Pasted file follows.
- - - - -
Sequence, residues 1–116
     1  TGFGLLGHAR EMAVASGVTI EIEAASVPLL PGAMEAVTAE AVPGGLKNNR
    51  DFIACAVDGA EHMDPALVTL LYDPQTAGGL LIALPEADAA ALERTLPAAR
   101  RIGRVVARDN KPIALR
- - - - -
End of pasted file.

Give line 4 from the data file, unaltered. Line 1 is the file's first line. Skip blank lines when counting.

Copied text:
   101  RIGRVVARDN KPIALR